Key researchers: Eduardo Altmann, Clio Cresswell, Georg Gottwald, Nalini Joshi, Rachel Wang.

Complex systems are abound in the natural sciences, engineering and social sciences. They involve dynamics that occurs on vast temporal and spatial scales; from Earth’s global climate, the human brain, to software systems and cities.

Network theory provides a powerful language to eke out the essential information needed to understand and control complex systems.

Given their sheer complexity, a detailed description of complex systems may not be possible, even with advanced computational tools. Mathematicians address this challenge by identifying relevant macroscopic variables and describing their dynamics or mutual relationships. Both are highly non-trivial tasks that require sophisticated mathematics.

In our research, we develop novel methodologies to improve our understanding of complex systems, with applications to gene and brain networks, language evolution, natural language processing, information spreading in social media, coupled oscillators and climate dynamics.

The task of unravelling qualitative statistical behaviour of complex systems and functional structure in networks requires us to borrow theory from dynamical systems theory, graph theory, statistical mechanics, inverse modelling and Bayesian statistics, to name but a few.

Key researchers: Zsuzsanna Dancso, Alexander Fish, Andrew Mathas, Alexander Molev, James Parkinson, Jonathan Spreer, Anne Thomas, Geordie Williamson, Oded Yacobi.

Counting problems arise all throughout mathematics and science: in optimisation, algebra, probability theory, topology and geometry, computer science and statistical physics. Combinatorics is the science of counting smart, and it encompasses the related study of finite and discrete structures that arise in a wide variety of contexts.

Questions of counting combinations and permutations were recorded as early as the 6^{th} century BC, and increasingly complex discrete problems emerged throughout history. Powerful theoretical frameworks for counting and working with combinatorial structures were developed in the second half of the 20^{th} century, raising the profile of combinatorics to a prominent field in its own right.

The study of large networks—such as the Internet, social networks, and the brain—has led to a recent explosion of progress in combinatorics, employing techniques from many fields of mathematics and statistics, as well as advances in Artificial Intelligence (AI) and computing.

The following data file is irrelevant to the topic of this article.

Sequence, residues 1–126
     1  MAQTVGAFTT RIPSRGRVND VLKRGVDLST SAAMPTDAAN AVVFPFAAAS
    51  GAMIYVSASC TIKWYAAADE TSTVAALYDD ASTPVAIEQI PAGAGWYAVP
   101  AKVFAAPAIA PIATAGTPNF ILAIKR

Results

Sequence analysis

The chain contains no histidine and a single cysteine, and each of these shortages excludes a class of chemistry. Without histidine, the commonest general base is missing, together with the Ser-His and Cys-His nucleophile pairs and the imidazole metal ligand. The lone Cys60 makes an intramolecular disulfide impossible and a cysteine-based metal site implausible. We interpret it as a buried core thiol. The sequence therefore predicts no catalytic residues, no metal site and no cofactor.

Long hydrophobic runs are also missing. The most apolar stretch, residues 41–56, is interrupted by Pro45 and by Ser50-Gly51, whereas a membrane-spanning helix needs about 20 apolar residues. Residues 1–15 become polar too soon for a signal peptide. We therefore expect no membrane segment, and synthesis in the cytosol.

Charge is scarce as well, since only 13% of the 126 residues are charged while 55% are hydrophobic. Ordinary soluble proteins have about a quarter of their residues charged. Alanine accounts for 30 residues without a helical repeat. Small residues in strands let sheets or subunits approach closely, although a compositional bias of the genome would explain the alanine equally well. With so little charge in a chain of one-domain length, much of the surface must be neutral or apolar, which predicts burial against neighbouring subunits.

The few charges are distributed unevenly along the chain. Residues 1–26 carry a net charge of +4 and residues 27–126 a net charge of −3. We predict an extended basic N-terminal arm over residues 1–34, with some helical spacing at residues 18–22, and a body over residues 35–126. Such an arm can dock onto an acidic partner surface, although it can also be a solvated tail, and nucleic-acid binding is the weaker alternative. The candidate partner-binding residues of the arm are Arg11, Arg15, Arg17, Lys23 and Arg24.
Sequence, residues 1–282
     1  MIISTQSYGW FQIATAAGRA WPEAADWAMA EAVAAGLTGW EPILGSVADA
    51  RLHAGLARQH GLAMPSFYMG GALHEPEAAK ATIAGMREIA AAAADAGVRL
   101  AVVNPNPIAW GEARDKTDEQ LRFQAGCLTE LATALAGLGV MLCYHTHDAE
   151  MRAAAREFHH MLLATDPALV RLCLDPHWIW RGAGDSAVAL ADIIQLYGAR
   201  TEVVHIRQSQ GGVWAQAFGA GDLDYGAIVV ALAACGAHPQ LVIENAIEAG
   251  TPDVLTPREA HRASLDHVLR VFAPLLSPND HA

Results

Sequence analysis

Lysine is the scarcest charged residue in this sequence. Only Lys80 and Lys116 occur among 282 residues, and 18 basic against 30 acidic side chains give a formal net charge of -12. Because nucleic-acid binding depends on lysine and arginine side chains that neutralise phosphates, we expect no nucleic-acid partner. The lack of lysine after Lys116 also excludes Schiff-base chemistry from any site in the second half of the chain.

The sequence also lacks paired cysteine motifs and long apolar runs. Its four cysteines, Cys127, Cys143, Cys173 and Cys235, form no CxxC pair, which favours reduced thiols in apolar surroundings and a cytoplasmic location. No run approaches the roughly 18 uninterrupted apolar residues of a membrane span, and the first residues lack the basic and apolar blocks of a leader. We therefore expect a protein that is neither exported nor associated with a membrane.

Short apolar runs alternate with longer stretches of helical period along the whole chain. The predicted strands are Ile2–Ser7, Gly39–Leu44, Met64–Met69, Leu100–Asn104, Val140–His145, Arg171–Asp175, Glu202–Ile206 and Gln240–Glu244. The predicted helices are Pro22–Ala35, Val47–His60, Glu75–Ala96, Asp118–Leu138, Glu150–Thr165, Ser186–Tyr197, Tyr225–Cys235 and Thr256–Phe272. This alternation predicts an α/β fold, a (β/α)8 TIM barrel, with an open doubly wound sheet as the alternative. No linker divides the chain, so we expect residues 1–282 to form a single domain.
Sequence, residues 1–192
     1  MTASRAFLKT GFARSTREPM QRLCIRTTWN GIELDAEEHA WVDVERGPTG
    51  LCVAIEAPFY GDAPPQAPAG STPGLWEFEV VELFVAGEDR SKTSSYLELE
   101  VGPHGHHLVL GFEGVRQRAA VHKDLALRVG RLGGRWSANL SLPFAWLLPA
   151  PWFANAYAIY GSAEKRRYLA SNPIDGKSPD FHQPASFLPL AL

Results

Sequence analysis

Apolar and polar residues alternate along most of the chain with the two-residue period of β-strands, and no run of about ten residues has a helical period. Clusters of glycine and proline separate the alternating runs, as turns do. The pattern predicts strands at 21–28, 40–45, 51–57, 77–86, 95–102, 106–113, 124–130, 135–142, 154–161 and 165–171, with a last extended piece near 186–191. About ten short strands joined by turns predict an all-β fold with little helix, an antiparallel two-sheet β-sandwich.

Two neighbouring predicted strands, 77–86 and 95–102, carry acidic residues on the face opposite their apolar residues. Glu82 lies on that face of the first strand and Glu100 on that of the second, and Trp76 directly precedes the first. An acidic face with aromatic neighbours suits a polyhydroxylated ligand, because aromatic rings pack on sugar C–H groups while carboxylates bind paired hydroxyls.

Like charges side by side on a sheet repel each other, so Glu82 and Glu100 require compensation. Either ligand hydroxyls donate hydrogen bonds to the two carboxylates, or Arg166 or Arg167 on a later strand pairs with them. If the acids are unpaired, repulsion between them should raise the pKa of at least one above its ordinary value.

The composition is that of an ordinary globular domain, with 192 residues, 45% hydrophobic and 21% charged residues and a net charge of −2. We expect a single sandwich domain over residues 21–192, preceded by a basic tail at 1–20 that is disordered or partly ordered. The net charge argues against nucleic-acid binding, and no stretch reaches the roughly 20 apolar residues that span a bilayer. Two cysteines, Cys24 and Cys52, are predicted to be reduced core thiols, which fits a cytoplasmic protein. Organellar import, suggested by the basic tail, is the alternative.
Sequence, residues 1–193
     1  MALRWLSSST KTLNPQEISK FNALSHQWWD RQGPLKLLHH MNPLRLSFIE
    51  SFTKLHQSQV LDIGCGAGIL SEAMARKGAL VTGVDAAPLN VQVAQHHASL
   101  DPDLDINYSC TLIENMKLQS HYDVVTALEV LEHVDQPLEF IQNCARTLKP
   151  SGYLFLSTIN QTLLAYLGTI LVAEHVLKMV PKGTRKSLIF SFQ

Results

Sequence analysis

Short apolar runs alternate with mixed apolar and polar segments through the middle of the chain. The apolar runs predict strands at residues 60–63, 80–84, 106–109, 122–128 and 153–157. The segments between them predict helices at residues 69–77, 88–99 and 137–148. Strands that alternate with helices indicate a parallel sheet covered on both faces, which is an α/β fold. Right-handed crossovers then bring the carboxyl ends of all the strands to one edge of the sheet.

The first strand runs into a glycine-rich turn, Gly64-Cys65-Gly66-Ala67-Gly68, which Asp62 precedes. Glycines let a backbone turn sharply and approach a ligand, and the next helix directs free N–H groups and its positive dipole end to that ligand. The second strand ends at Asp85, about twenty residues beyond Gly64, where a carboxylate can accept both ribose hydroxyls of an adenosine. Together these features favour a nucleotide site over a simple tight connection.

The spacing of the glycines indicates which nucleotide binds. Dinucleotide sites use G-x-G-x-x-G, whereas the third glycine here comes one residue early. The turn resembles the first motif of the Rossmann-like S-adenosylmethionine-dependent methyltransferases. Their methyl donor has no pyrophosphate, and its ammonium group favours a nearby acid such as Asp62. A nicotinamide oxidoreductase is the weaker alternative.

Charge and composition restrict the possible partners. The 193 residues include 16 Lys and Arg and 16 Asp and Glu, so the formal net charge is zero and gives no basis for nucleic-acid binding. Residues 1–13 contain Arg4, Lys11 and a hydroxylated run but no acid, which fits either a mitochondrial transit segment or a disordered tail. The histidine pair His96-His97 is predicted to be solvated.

Our researchers investigate the multi-faceted interplay between combinatorics and algebra, topology, geometry, dynamics and AI.

Key researchers: Emma Carberry, Harini Desiraju, Holger Dullin, Nalini Joshi, Robert Marangell, Jae Min Lee, Milena Radnovic, Pieter Roffelsen.

Integrable systems form the core of classical mechanics, modern mathematical physics and special function theory, arising in applications that are widespread and growing rapidly. Examples include plasma physics, elementary particles, superconductivity, and non-linear optics.

One area of intense recent activity in which integrable systems arise is the study of energy levels of heavy particles in atomic physics, which is closely connected to the spectral properties of random matrices.

This serendipitous connection has given rise to some of the most active and fruitful developments of mathematics in recent times.

Applications of random matrix theory are numerous and far-reaching: from particle physics to the distribution of airline boarding times and the zeros of the Riemann-zeta function along the critical line.

Our research interests lie in:

- classical mechanics
- Hamiltonian dynamics
- Painlevé equations
- discrete integrable systems
- geometry and asymptotics of integrable systems
- topological methods in integrable systems
- partial differential equations
- mathematical billiards
- harmonic maps and conformal surface theory.

Key researchers: Eduardo Altmann, Dzmitry Badziahin, Chris Bertram, Nathan Duignan, Holger Dullin, Alexander Fish, Georg Gottwald, Nalini Joshi, Robert Marangell, James Parkinson, Milena Radnovic, Anne Thomas, Stephan Tillmann, Martin Wechselberger, Geordie Williamson.

Dynamics is the study of the limiting behaviour of an observable variable, such as temperature or pressure, along with time evolution. Dynamical systems are manifolds or other topological spaces endowed with a group action.

One of the first examples of a dynamical system was introduced by Newton, who studied the trajectories of planets in the solar system. While trying to prove the stability of the solar system in 1890, Poincaré initiated qualitative methods to study dynamical systems preserving volume. These insights became a cornerstone of ergodic theory.

At the University of Sydney, research on dynamical systems and ergodic theory combines the study of theoretical questions and the application of dynamical methods. Theoretical areas of dynamics include billiards, chaos, ergodic theory and integrable systems.

Our researchers apply dynamical methods in biology, climate, complex networks, machine learning, physiology, as well as many other fields. Using dynamics, we also provide insights into other areas of pure mathematics such as additive combinatorics, algebra, geometric topology, geometric group theory and number theory.

**Seminars**

Key researchers:

Geoff Bailey, John Cannon, Allan Steel, Nicole Sutherland, Don Taylor, Bill Unger, John Voight, Geordie Williamson

Computers allow us to explore and solve hard problems in pure mathematics. In computational algebra, we study a wide range of topics--including algebra, number theory, geometry, representation theory, and combinatorics--through the lens of symbolic computation and with an eye to explicit structures.

Using sophisticated algorithms, we can manipulate complex mathematical objects, provide examples or counterexamples, and verify statements that would be otherwise challenging or impossible to handle.

Our work is focused on the development of Magma, a large, well-supported software system designed for algebraic computation.

Magma was first released in 1993 at the University of Sydney and has received contributions from hundreds of mathematicians worldwide.

Magma provides a mathematically rigorous environment, a vast library of algorithms, and a flexible language for defining and working with many structures in pure mathematics, including groups, rings, fields, modules, algebras, schemes, curves, graphs, designs, codes, and more.